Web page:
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I wrote thank you notes to the anesthesiologists who gave me my epidurals. Seriously. After both kids were born, I sent the doctors birth announcements and thanked them profusely for making my labor more comfortable. I’m a wimp, and there was no way I was going to “just say no” to drugs. I am the total opposite of my friend who had three babies at home, on the sofa and in an inflatable swimming pool.
So, I took particular interest in the results of a new study which says that women who have epidurals have more trouble breast feeding. Here’s a section from the study’s Abstract published in The International Breastfeeding Journal:
Anecdotal reports suggest that the addition of fentanyl (an opioid) to epidural analgesia for women during childbirth results in difficulty establishing breastfeeding. The aim of this paper is to determine any association between epidural analgesia and 1) breastfeeding in the first week postpartum and 2) breastfeeding cessation during the first 24 weeks postpartum.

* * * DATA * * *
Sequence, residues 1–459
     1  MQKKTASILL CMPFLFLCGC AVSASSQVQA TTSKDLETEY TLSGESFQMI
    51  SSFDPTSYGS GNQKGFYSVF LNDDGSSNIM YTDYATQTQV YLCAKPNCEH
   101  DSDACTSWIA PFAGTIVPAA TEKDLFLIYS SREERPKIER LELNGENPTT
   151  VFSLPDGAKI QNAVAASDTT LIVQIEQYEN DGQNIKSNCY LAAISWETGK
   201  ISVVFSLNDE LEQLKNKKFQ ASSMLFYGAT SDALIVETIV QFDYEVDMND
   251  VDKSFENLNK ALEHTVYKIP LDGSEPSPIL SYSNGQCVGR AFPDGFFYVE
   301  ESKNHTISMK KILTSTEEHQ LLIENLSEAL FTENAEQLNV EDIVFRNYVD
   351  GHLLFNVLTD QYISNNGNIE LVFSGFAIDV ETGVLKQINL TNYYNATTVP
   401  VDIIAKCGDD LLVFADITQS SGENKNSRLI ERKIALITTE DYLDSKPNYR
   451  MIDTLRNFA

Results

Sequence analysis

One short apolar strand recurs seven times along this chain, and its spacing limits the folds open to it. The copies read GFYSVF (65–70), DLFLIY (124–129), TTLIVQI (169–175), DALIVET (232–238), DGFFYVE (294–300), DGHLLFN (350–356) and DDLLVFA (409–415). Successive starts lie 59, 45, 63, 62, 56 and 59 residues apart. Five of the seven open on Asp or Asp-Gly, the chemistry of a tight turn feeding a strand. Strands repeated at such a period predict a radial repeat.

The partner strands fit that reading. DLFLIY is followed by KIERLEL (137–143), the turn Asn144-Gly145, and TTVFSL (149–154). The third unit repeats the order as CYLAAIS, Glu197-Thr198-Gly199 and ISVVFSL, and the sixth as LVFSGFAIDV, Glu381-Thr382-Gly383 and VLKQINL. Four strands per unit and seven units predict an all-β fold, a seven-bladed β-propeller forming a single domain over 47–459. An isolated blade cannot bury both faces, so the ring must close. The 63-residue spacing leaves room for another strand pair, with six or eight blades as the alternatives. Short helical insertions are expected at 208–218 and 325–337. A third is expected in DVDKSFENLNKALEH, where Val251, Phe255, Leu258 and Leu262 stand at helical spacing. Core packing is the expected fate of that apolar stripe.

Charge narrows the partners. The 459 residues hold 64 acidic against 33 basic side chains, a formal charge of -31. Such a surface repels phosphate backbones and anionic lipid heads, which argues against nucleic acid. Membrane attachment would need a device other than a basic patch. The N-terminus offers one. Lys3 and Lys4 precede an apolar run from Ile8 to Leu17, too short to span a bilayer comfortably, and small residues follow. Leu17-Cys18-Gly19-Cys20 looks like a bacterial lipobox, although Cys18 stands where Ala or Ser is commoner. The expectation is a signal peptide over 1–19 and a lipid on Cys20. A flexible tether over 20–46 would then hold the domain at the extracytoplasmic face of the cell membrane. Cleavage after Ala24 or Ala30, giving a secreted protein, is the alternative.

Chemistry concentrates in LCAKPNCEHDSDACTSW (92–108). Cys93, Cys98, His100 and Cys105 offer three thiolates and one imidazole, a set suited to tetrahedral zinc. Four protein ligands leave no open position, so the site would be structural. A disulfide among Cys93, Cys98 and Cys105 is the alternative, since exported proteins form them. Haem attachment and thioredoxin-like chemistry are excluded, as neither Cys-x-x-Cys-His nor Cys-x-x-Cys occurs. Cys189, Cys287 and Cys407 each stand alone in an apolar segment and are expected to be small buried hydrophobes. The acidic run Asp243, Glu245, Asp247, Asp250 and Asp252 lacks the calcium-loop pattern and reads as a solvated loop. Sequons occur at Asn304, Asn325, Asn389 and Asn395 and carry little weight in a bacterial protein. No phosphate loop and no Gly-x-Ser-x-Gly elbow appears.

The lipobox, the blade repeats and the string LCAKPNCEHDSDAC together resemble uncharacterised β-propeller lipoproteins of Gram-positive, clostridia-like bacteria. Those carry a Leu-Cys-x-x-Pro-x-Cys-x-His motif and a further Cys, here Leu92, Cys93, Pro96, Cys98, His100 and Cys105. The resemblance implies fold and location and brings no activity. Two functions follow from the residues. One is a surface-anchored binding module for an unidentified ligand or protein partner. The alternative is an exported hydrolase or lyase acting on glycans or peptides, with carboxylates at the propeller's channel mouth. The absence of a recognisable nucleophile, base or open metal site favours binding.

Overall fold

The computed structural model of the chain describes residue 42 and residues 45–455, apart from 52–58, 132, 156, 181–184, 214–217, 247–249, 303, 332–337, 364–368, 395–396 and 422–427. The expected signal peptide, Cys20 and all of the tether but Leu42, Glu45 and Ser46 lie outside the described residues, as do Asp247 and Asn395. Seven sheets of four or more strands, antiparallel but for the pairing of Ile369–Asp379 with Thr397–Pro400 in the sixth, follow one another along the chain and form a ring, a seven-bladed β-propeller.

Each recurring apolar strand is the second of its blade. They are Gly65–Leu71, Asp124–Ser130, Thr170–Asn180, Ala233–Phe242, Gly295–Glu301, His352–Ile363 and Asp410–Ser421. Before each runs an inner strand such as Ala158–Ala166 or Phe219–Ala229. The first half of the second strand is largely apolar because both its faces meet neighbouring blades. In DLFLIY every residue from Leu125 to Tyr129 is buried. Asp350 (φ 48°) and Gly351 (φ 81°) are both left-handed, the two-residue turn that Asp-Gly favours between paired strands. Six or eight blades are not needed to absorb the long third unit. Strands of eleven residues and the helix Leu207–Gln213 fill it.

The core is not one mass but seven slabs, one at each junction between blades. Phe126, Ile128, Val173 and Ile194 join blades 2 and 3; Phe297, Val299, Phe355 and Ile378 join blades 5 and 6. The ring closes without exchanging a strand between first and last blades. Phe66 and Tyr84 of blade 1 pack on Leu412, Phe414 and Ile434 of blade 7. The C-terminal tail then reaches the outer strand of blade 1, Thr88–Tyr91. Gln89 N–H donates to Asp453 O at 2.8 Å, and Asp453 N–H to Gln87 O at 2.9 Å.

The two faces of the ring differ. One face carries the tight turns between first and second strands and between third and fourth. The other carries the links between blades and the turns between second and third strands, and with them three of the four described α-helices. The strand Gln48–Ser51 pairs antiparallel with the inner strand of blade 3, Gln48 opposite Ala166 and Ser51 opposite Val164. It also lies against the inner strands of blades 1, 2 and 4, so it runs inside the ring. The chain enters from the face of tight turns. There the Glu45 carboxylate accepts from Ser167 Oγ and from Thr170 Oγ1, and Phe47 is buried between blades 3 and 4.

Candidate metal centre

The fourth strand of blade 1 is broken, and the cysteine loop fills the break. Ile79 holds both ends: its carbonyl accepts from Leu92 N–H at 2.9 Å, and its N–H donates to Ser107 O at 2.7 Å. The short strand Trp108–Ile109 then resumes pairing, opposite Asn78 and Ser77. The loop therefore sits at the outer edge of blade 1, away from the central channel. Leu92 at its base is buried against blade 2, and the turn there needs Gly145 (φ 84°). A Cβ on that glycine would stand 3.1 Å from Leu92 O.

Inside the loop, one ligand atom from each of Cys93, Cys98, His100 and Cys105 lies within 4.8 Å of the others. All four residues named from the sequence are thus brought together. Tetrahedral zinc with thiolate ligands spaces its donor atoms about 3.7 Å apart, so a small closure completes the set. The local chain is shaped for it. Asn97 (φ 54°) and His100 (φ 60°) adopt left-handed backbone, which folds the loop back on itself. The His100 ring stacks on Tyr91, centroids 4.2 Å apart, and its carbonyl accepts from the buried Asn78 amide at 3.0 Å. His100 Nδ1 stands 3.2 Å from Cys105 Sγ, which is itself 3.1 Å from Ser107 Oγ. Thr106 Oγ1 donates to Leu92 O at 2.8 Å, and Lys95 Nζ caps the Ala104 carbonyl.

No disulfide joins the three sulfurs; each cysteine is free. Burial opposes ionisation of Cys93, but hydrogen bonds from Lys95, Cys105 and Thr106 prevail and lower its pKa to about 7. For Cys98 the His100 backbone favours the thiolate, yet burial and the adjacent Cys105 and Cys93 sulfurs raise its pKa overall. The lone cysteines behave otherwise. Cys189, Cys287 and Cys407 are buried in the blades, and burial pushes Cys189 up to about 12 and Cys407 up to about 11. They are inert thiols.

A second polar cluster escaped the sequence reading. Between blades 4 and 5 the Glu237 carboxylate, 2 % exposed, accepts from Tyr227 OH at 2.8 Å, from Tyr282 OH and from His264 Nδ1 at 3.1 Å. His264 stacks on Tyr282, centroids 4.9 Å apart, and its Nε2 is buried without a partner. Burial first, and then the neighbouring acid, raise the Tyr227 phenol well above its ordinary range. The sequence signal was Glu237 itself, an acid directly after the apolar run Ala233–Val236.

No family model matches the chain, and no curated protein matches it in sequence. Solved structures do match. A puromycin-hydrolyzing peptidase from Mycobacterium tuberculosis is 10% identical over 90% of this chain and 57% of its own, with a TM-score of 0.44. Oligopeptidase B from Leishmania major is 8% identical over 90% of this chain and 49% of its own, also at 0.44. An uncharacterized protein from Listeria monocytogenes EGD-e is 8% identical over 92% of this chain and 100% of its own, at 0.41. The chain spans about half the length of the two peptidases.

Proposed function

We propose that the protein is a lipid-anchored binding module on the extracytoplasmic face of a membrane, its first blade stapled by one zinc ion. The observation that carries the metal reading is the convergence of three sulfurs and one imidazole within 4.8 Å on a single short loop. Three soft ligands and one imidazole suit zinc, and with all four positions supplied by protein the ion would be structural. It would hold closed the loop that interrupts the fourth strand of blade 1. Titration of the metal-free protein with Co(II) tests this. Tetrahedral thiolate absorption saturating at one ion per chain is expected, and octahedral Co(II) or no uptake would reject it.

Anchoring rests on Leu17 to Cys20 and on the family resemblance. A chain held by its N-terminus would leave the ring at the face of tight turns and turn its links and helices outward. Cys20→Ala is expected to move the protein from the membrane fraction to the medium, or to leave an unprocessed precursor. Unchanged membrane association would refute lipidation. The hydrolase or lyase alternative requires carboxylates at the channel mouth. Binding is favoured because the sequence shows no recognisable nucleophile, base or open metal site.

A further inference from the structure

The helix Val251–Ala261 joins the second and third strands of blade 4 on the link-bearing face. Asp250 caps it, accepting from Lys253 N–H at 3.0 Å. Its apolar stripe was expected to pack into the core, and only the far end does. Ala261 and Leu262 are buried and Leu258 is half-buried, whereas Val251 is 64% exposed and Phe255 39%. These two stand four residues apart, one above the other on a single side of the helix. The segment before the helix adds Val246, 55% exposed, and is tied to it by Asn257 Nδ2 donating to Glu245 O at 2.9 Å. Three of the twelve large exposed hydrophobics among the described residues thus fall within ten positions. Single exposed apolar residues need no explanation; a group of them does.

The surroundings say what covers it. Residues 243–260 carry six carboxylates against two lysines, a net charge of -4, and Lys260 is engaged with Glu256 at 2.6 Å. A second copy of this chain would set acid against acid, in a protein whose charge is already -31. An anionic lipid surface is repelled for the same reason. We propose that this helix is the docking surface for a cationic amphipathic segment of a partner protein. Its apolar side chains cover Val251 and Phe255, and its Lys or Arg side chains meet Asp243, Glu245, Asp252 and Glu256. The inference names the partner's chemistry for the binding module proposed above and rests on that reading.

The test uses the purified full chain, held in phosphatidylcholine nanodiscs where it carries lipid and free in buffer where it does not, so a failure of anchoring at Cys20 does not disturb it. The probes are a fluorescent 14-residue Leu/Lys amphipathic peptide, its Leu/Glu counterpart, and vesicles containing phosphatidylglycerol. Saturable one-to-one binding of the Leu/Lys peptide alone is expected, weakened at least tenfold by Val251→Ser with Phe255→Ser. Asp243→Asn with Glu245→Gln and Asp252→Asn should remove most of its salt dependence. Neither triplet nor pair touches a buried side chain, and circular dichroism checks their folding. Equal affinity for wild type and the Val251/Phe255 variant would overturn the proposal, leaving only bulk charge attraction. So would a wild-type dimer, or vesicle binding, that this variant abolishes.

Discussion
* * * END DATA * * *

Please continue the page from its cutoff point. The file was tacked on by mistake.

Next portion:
Women in this cohort who had epidurals were less likely to fully breastfeed their infant in the few days after birth and more likely to stop breastfeeding in the first 24 weeks. Although this relationship may not be causal, it is important that women at higher risk of breastfeeding cessation are provided with adequate breastfeeding assistance and support.

Note the use of the word “opioid” above. The researchers were basically investigating whether the epidural made the babies so sleepy that they had trouble eating. (This is something I had heard about anecdotally before I had our kids). The researchers conclude that this is a possibility. But that it’s also likely that there could be a link between the choices women make about pain management and breast feeding.
As for me, I had epidurals and I breast fed. I was fortunate that both of my kids picked up on the boob thing pretty quickly. I breast fed The Bortski for eleven months, and The Bear and I are now going strong on our eighth month of boob milk.